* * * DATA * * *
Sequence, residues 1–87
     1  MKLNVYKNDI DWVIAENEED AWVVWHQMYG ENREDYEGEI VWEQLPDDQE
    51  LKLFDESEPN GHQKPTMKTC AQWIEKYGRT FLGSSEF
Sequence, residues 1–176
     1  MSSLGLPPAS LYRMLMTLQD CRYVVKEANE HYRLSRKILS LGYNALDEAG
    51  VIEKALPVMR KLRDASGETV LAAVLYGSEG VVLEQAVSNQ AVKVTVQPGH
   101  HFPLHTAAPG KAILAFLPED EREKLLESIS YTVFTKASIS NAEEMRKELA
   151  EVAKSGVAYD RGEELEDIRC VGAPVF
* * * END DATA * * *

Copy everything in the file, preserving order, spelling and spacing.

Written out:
Sequence, residues 1–87
     1  MKLNVYKNDI DWVIAENEED AWVVWHQMYG ENREDYEGEI VWEQLPDDQE
    51  LKLFDESEPN GHQKPTMKTC AQWIEKYGRT FLGSSEF
Sequence, residues 1–176
     1  MSSLGLPPAS LYRMLMTLQD CRYVVKEANE HYRLSRKILS LGYNALDEAG
    51  VIEKALPVMR KLRDASGETV LAAVLYGSEG VVLEQAVSNQ AVKVTVQPGH
   101  HFPLHTAAPG KAILAFLPED EREKLLESIS YTVFTKASIS NAEEMRKELA
   151  EVAKSGVAYD RGEELEDIRC VGAPVF